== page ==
Unfortunately, injuries curtailed Sabich's success over the next three seasons, and his last victory on the pro circuit was in early January 1974 at Mount Snow, Vermont.[13] A few months later he hurt his knee in Sun Valley, and finished fifth on the money list in 1974 at $25,100,[14] with Killy sitting out the season.[15] Sabich had knee surgery in August, and was featured on the cover of GQ magazine in November as "pro skiing's richest racer," holding his tri-color K2 skis,[16] but sat out the 1975 season.[17][18] He returned to the circuit in 1976 but qualified for only two races, with just $800 in earnings.[10]

Death[edit]

Late in the afternoon on Sunday, March 21, 1976, Sabich returned from a training session at Aspen Highlands and a brief visit with Beattie, whom he planned to meet for dinner.[9] While preparing to shower, he was shot in the bathroom of his Starwood home by his live-in girlfriend, singer-actress Claudine Longet. The two had met at a pro-celebrity event four years earlier in 1972 in Bear Valley, California, and had quickly become an item. She claimed the gun discharged accidentally, when he was showing her how it worked. Sabich was hit by a single gunshot in the abdomen and lost a significant amount of blood before an ambulance arrived. He died on the way to Aspen Valley Hospital with Longet at his side, shortly after 5 pm.[19] Sabich was 31 years and 2 months old.

Longet, 34, was arrested and charged with the shooting. At the trial, Longet repeated the claim that the gun had accidentally fired when Sabich was showing her how to use it.

The Pitkin County Sheriffs, who made the arrest, made two procedural errors that aided Longet's defense: without warrants, they took a blood sample from her and confiscated her diary. According to prosecutors, the sample showed the presence of cocaine in her blood, and her diary reportedly contradicted her claim that her relationship with Sabich had not soured. In addition, the gun (which had a defect requiring it to be fired several times before it finally discharged) was mishandled by non-weapons experts. As they were unable to cite any of the disallowed material, prosecutors did use the autopsy report to suggest that when Sabich was struck, he was bent over, facing away, and at least 6 feet (1.8 m) from Longet, which would be inconsistent with the position and relative distance of someone demonstrating the operation of a firearm.

The jury convicted her of a lesser charge—misdemeanor criminal negligence—and sentenced her to pay a small fine and spend 30 days in jail.[20] The judge allowed Longet to choose the days she served, believing that this arrangement would allow her to spend the most time with her children, and she chose to work off most of her sentence on weekends. (Critical reaction to the verdict and sentencing was exacerbated when she subsequently vacationed with her defense attorney, Ron Austin, who was married at the time; Longet and Austin later married and still live in Aspen.)

After the criminal trial, Sabich's parents filed a civil lawsuit against Longet in May 1977.[21] The case was eventually resolved out of court in September 1979,[22][6] with the proviso that Longet never tell or write about her story.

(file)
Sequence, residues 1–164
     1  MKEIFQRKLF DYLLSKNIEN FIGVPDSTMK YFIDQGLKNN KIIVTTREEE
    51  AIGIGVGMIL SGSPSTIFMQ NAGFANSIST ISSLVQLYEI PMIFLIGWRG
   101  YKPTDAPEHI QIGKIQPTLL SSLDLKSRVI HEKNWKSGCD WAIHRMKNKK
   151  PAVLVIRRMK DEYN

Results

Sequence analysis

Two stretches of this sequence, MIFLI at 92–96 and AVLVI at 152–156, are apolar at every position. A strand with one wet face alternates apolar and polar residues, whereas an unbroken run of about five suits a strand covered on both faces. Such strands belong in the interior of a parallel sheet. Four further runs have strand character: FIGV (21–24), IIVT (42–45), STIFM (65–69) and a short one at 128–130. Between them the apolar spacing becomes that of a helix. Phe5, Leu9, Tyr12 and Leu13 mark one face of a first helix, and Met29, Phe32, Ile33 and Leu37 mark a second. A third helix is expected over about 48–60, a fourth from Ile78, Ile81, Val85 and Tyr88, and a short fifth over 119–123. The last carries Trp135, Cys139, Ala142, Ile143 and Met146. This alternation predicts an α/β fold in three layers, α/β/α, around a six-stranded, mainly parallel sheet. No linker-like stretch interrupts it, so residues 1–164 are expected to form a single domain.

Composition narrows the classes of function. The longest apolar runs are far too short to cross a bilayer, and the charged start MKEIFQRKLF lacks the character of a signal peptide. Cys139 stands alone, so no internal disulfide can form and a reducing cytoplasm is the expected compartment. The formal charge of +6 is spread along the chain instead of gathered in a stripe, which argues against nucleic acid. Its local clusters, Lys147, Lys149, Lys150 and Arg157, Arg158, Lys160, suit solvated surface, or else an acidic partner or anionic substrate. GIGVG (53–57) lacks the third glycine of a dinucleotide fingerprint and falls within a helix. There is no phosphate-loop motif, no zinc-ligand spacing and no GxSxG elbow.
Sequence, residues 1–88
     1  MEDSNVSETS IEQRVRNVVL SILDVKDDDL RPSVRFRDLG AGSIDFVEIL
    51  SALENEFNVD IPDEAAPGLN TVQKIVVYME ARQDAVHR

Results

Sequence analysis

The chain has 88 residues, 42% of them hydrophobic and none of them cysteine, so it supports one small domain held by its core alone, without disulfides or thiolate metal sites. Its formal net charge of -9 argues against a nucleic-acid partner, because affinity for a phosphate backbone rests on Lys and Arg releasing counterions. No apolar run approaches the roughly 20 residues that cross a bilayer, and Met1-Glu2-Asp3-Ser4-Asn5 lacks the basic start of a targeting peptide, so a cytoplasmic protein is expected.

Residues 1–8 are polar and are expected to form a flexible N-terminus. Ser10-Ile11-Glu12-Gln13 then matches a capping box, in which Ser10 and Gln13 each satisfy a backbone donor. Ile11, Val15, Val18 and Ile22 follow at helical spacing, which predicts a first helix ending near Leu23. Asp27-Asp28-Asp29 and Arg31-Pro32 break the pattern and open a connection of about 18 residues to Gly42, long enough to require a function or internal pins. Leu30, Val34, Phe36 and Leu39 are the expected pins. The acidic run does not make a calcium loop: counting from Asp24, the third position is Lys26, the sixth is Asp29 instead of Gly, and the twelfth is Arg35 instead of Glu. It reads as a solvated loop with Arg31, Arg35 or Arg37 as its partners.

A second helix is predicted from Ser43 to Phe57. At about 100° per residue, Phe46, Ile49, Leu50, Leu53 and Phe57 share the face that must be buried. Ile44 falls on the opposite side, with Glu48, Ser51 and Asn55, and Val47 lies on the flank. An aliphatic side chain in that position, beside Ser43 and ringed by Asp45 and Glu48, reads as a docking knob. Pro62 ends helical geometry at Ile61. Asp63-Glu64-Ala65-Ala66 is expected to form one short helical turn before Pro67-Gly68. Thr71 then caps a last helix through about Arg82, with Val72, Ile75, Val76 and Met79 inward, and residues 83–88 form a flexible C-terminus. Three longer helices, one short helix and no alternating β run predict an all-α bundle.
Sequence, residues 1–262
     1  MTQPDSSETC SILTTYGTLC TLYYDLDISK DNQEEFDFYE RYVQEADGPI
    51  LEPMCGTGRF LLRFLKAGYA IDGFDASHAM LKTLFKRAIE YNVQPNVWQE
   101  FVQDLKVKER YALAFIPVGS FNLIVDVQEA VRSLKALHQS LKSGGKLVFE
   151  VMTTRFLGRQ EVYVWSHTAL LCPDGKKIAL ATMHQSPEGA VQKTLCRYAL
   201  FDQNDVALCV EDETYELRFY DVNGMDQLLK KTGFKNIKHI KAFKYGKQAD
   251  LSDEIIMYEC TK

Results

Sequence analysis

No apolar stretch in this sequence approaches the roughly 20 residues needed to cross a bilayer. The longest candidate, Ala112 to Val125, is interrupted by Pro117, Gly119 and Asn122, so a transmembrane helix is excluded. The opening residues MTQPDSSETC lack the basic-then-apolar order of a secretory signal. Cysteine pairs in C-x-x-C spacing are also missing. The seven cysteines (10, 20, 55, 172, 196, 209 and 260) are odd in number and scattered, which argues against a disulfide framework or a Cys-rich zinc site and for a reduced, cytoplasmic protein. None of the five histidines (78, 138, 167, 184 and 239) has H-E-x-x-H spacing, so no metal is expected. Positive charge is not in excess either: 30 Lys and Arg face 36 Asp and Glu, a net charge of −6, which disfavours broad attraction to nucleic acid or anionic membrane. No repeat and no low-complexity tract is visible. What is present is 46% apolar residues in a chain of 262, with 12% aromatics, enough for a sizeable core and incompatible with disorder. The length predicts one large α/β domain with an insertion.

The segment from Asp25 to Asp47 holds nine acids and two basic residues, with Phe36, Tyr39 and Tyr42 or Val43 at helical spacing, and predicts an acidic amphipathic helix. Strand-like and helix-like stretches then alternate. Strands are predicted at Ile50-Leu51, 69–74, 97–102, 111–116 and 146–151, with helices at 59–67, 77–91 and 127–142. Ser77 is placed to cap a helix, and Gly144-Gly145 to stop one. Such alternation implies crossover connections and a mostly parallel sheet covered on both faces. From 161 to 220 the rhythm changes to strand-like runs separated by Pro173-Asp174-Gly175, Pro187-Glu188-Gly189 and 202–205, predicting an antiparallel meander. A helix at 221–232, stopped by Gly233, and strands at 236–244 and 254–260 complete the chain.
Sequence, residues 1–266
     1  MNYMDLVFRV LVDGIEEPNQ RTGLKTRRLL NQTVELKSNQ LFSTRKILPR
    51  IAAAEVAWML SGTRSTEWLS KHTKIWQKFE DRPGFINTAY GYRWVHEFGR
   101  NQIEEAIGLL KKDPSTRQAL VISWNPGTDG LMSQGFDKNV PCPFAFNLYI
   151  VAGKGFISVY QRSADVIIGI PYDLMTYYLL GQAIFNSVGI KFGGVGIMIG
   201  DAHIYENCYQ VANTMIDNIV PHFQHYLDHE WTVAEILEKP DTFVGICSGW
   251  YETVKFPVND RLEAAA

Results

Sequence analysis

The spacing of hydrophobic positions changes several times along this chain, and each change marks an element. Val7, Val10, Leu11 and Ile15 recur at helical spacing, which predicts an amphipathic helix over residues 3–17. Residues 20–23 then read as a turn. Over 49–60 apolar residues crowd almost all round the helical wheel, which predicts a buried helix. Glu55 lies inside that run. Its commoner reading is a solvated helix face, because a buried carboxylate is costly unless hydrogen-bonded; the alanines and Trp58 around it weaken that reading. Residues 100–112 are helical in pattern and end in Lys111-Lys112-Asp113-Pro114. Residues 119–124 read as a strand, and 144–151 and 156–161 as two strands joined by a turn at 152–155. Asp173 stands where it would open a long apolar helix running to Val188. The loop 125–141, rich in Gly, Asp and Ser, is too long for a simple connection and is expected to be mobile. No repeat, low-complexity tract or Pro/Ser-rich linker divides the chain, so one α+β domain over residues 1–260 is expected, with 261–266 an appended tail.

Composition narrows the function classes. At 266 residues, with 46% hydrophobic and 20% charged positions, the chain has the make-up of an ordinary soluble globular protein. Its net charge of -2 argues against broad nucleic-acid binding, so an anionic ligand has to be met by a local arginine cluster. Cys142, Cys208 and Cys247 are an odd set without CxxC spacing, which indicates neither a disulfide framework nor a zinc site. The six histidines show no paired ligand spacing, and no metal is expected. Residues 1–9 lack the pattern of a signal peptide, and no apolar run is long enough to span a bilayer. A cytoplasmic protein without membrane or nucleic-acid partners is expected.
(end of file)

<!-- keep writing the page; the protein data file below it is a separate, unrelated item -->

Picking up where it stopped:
Burial[edit]

Sabich is buried in northern California at Westwood Hills Memorial Park in Placerville,[1] where he attended high school. His hometown of Kyburz, 25 miles (40 km) east and upstream, did not have a cemetery in 1976. Kidd delivered the eulogy at the brief service, with former coach Beattie and former teammates as pallbearers.[23][24] The presence of Longet and her supporters, including ex-husband Andy Williams and their children, at Spider's memorial service in Aspen two days later was awkward for the Sabich family.[25]

Sabich is buried next to his older sister, Mary Frances Sabich, a physician who died of brain cancer in 1988 at the age of 45. Younger brother Steve died of melanoma in 2004 at age 57, shortly after the deaths of their parents.[2][26]

References[edit]

  1. ^ a b "Spider Sabich". Find A Grave. Retrieved April 9, 2014. 
  2. ^ a b c McHale, Terence (Spring 2005). "Spider Sabich - An Ideal Life". California Conversations: 13–23. Retrieved April 9, 2014. 
  3. ^ Dominick Dunne's Power, Privilege, and Justice episode "The Starlet and the Skier", original airdate 13 February 2006
  4. ^ "Heavenly Valley races end". Spokane Daily Chronicle. Associated Press. April 8, 1968. p. 17. 
  5. ^ FIS-ski.com - World Cup - 1968 results - Heavenly Valley - slalom
  6. ^ a b Fennessey, Sean (February 6, 2014). "'Downhill Racer' and the baffling absentee legacy of Winter Olympics movies". Grantland. Retrieved April 9, 2014. 
  7. ^ Brown, Gwilym S. (December 20, 1971). "The Spider who finally came in from the cold". Sports Illustrated: 92. 
  8. ^ "Vladimir "Spider" Sabich". Croatia.org. Retrieved April 9, 2014. 
  9. ^ a b Meyer, John (October 27, 2009). "Spider Sabich should be remembered as a great racer, charismatic personality". Denver Post. Retrieved April 9, 2014. 
  10. ^ a b "Skier slain, singer booked". Milwaukee Journal. press dispatches. March 22, 1976. p. 1, part 1. 
  11. ^ Brown, Gwilym S. (April 16, 1973). "Goodby, Broadway, hello, Schranz". Sports Illustrated: 66. 
  12. ^ "Killy pro champion". Montreal Gazette. April 9, 1973. p. 18. 
  13. ^ "Sabich wins slalom at Mt. Snow". Schenectady (NY) Gazette. Associated Press. January 7, 1974. p. 28. 
  14. ^ "Top pro Hugo Nindl wins in final slalom". Montreal Gazette. Associated Press. April 4, 1974. p. 23. 
  15. ^ Moss, Marv (October 25, 1974). "Fully-fit Killy set for season". Montreal Gazette. p. 26. 
  16. ^ "Spider Sabich - "Pro Skiing's Richest Racer"". GQ. cover. November 1974. Retrieved April 9, 2014. 
  17. ^ Slocum, Jim (November 27, 1975). "Injuries can't crack Sabich". Milwaukee Sentinel. p. 8, part 2. 
  18. ^ "Sabich back in pro skiing". Spokesman-Review. Associated Press. December 21, 1975. p. D2. 
  19. ^ "Andy Williams' ex-wife arrested in skier's death". Miami News. March 22, 1976. p. 1. 
  20. ^ http://www.answers.com/topic/claudine-longet
  21. ^ "Longet...Spider's parents sue". Sarasota Journal. UPI. May 18, 1977. p. 13A. 
  22. ^ "Singer settles with parents of slain skier". Montreal Gazette. UPI. September 27, 1979. p. 67. 
  23. ^ "Clauding Longet not at rites for her slain ski-slope lover". Miami News. Associated Press. March 26, 1976. p. 1A. 
  24. ^ "'Spider' Sabich had full life at age 31". The Dispatch (Lexington, NC). UPI. March 26, 1976. p. 10. 
  25. ^ Burns, Bob (March 1996). "Tribute to Spider Sabich". 20th anniversary. Retrieved April 9, 2014. 
  26. ^ "Steve Sabich". Auburn Journal. death notice. April 14, 2004. Retrieved April 9, 2014. 

External links[edit]